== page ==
Some people just (carefully) rip images out and glue them down that way, and that works if you really want to limit how much you’re carrying around (or don’t want to chance your scissors being taken away by airport security). I like doing fussy cut though, so I buy a pair of scissors whenever I land somewhere and know I won’t be taking a plane for a while.

Small pair of MUJI scissors with a cover over the blades.
Recommended MUJI scissors

My favorite are these small MUJI scissors with a cover over the the blades. They’re sharp and small, so they’re great for travel!

Travel ephemera

My favorite part of junk journals and the most fun to collect! During your travels, save maps, pamphlets, tickets, flyers, stickers, whatever you find interesting and think would look good on a travel journal spread.

Some things I’ve collected and used in my own travel junk journals:

  • Soda bottle wrappers (especially ones with non-English text)
  • Business cards
  • Stickers from fruit and food packaging
  • Receipts, especially ones with handwriting
  • Brochures and pamphlets from tourist things I did
  • Train tickets
  • Cute stationery and stickers
  • Paper coasters (if they’re not too thick)
  • Tea tags and wrappers
  • Maps!
  • Eki stamps (I stamp them onto a separate piece of paper and then glue that in)
Travel junk journal page made with pamphlet clippings, receipts, maps, tickets, and other travel memorabilia.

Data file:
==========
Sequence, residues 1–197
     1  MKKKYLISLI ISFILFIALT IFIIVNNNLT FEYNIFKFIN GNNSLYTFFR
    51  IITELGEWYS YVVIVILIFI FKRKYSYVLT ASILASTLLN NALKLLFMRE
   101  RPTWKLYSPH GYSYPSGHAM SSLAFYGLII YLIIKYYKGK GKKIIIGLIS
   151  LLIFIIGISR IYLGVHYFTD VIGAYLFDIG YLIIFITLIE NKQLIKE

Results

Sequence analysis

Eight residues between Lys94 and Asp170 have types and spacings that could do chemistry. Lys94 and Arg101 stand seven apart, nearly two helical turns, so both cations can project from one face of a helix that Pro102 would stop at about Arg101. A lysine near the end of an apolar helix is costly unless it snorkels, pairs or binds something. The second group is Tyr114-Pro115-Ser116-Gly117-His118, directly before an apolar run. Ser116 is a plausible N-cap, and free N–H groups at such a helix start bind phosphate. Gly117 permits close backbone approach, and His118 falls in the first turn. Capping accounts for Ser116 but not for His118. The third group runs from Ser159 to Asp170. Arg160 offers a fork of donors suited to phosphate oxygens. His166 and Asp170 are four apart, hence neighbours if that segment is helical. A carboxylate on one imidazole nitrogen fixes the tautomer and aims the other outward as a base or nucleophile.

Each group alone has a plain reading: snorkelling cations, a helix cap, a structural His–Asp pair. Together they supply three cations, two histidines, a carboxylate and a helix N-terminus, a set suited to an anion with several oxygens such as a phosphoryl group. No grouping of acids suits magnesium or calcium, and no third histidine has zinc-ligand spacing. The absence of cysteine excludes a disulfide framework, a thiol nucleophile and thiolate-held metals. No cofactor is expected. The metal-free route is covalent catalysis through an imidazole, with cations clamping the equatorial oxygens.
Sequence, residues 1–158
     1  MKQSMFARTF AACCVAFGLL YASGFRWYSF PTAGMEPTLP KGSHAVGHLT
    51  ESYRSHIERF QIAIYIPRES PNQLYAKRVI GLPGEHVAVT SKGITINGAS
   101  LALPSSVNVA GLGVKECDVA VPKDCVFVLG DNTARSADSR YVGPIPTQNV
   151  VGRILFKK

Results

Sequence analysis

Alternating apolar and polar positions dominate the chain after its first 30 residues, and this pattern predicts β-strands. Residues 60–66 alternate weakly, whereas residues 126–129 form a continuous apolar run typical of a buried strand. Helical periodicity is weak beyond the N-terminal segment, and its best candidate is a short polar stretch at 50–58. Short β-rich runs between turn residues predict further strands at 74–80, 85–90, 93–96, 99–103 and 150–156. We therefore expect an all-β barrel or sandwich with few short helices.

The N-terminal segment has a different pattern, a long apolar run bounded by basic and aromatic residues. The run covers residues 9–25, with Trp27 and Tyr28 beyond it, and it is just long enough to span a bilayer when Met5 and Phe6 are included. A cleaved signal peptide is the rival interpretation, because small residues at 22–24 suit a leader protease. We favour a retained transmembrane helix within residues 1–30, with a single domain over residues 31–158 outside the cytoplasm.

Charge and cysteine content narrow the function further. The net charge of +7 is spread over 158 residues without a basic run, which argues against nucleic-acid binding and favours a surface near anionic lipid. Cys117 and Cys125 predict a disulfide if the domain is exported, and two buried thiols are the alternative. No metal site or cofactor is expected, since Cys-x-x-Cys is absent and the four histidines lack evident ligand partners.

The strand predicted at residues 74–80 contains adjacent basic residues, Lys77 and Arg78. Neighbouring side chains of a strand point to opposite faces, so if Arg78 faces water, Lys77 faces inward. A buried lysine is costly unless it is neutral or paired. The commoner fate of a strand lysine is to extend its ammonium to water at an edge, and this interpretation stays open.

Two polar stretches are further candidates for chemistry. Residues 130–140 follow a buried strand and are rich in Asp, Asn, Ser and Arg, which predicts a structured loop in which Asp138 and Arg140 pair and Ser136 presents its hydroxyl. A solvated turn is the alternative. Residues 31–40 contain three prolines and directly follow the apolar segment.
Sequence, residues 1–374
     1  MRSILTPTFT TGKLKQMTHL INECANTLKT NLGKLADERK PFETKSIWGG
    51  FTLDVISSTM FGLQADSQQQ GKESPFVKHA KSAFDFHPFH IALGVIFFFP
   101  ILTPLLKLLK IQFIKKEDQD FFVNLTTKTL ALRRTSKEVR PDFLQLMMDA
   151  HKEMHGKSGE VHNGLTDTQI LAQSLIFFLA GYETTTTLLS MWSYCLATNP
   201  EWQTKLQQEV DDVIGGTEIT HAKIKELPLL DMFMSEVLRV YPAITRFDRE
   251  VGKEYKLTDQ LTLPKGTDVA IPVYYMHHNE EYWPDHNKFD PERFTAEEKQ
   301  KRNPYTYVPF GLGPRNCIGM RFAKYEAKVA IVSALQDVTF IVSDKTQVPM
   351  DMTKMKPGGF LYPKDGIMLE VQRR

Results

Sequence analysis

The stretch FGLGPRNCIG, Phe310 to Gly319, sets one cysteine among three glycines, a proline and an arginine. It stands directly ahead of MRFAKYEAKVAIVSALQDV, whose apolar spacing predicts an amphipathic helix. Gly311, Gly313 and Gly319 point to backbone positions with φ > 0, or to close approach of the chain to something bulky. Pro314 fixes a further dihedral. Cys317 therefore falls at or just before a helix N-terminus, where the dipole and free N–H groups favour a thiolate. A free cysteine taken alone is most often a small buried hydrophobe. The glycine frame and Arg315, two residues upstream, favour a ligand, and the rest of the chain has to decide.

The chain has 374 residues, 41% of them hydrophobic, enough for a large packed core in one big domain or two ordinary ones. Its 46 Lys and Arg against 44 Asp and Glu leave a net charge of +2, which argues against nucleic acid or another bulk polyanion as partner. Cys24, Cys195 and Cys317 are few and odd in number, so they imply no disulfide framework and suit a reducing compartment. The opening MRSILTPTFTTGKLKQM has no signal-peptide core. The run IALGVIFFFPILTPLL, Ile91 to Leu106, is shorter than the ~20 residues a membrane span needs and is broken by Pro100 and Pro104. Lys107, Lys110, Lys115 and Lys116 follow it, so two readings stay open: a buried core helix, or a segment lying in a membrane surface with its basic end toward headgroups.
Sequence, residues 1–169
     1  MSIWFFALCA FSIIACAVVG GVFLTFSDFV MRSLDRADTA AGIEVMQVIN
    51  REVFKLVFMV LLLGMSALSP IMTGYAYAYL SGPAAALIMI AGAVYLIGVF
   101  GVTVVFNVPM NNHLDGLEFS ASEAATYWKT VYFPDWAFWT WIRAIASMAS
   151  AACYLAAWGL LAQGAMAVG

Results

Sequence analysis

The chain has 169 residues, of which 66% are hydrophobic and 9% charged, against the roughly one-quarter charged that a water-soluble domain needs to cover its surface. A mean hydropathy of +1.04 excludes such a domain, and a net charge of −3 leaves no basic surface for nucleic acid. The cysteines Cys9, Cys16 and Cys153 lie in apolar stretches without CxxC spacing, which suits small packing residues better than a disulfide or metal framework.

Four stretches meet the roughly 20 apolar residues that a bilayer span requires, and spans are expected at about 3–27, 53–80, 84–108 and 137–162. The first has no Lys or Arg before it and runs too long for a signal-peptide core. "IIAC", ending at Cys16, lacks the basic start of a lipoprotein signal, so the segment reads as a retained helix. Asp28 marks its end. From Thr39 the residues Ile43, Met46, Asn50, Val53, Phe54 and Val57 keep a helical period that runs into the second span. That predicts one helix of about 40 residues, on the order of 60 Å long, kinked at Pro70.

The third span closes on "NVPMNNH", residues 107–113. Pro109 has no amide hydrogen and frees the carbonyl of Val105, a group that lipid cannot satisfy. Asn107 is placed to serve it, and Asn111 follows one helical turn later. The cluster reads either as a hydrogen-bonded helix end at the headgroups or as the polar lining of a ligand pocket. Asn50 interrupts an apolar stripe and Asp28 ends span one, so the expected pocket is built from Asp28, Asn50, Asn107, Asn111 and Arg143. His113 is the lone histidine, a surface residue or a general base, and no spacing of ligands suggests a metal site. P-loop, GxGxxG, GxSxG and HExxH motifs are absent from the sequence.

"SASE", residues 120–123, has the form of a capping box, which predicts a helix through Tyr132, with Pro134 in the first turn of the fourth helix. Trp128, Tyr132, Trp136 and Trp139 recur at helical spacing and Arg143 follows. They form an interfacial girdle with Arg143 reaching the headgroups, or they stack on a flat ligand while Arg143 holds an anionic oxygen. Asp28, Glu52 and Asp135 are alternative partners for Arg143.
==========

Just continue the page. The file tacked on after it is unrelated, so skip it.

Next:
Travel junk journal page made with pamphlet clippings, receipts, maps, tickets, etc.

I keep a folder in my suitcase where I stash my collection of ephemera until I use it in a journal. Keeps things from being bent while traveling around.

How to Make a Travel Junk Journal Page

Okay, time to get creating! There’s no wrong way to do this– except not starting at all, because that means no journal!

I like to do my pages in a couple different ways. The easiest is to group items by date. So I’ll make one page all about what I did on a specific day, and group items together that I gathered on that specific day.

Travel journal page dedicated to a visit to see "Phantom of the Opera" in Tokyo.
Travel journal page for when I saw Phantom of the Opera in Tokyo!

Another way is to do it by location. So if I spent a month in Tokyo, for instance, I’ll group everything I got in Tokyo and put it together without worrying to much about what happened when.

Or perhaps do it by color! Without even worrying about separating out country, date, or whatever! This is a super fun way to do it, and it’s so freeing to just match up ephemera by tones. Here’s an example of what I mean:

Blue-themed journal page with various blue-toned ephemera, including a Pocari Sweat drink label.
Blue-themed journal page
Orange-themed journal page with various orange-toned ephemera, including a Del Monte banana fruit label.
Orange-themed journal page

Let me know if you make your own travel junk journal! I’d love to see what you come up with.

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Anastasia is a former librarian turned digital nomad. She's been traveling the world full time for two years and has visited 18 countries so far! Just Gone Wandering is a travel resource for solo female travelers on a backpacker's budget-- or slightly more-- and highlights amazing places to visit as well as providing tips and tricks for traveling smart and frugal. Read more...